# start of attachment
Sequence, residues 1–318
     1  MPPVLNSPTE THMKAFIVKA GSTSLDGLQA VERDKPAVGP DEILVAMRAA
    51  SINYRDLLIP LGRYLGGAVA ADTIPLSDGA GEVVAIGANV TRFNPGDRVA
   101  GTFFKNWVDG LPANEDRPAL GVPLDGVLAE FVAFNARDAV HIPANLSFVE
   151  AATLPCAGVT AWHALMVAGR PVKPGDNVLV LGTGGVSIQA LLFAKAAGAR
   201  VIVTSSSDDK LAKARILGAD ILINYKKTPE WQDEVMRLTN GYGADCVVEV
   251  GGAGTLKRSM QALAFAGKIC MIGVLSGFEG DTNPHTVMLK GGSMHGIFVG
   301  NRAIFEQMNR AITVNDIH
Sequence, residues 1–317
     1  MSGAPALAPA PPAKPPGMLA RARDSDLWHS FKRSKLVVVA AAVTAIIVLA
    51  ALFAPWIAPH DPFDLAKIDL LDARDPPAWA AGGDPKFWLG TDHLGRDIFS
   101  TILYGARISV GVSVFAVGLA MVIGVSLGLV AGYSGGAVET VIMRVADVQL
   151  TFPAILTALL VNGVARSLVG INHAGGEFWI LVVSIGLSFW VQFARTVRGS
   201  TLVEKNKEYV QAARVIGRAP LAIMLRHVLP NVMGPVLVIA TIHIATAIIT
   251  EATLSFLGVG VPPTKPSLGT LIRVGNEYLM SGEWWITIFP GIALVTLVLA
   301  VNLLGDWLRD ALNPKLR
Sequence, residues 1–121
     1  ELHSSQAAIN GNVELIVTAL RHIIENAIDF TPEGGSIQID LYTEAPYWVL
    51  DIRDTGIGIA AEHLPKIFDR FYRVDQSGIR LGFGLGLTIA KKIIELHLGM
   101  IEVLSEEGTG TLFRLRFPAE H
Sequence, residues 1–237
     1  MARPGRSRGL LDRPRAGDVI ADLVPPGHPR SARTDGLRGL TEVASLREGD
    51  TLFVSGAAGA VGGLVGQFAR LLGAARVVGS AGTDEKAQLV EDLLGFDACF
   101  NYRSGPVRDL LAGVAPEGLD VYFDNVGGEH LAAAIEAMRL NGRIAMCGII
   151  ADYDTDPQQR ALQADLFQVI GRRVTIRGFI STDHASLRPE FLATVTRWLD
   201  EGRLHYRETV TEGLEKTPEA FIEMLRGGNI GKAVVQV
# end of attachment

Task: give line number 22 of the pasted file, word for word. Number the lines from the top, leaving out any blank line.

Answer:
     1  MARPGRSRGL LDRPRAGDVI ADLVPPGHPR SARTDGLRGL TEVASLREGD